In our collaborative project examining the biology and social environment of adolescent girls, we also incorporate an intersectional approach. Mary Rogers examines age of menarche across different contexts, and part of this work involves reframing what we look at as "normal." She emphasized in her poster for the Feminist Biology conference that a number of factors, including family composition, socioeconomic status, immigration, racial background, and urban vs. rural context can all impact age of menarche. Researchers need to take all of these factors into account to understand how they may impact a population, and there is a risk of pathologizing early or late menarche when it is simply part of "normal" variation within the population. Additionally, Summer Sanford is examining the impact of ethnic identity on girls' social networks, and further research will examine how factors such as neighborhood food access affect health.


Bellingrath S, Weigl T, Kudielka B. 2009. Chronic work stress and exhaustion is associated with higher allostatic load in female school teachers, Stress, 12:37-48.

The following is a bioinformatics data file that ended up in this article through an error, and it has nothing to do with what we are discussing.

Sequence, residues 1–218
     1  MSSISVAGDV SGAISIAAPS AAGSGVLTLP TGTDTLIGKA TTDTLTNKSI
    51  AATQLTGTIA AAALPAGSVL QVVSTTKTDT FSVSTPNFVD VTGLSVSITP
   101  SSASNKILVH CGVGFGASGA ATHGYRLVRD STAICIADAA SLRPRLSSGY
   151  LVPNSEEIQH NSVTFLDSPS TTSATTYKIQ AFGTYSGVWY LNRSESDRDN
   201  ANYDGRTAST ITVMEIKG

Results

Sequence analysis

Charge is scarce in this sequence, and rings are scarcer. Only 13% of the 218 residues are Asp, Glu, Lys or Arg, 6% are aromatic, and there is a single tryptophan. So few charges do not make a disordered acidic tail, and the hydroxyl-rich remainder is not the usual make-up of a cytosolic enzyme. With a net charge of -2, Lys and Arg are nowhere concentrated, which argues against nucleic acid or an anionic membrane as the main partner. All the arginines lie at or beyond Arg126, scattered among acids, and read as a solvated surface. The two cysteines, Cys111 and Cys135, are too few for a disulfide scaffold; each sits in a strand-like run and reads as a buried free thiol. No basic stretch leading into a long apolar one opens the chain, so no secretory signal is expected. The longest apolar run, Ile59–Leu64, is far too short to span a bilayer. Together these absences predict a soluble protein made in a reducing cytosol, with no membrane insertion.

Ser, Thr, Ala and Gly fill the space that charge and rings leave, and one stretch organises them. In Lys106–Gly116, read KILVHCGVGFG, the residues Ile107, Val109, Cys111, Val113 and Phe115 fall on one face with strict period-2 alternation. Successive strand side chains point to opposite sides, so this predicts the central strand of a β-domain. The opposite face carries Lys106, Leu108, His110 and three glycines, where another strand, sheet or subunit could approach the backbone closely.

Cortina LM, Magley VJ, Hunter Williams J, Langhout R. 2001 Incivility in the workplace: Incidence and Impact. Journal of Occupational Health Psychology 6:64-80.

Miner-Rubino K, Cortina LM. 2004. Working in a context of hostility toward women: Impact for employees' well-being. Journal of Occupational Health Psychology 9:107-122.

Settles IH, Cortina LM, Malley J, Stewart AJ. 2006. The climate for women in academic science: The good, the bad, and the changeable. Psychology of Women Quarterly 30:47-58.

If you are at interested in engaging more with these issues, 21sci has an upcoming workshop, The Future of Science in a Post-Factual World.  There's also a new Science Communication Certificate open to graduate students and post-docs!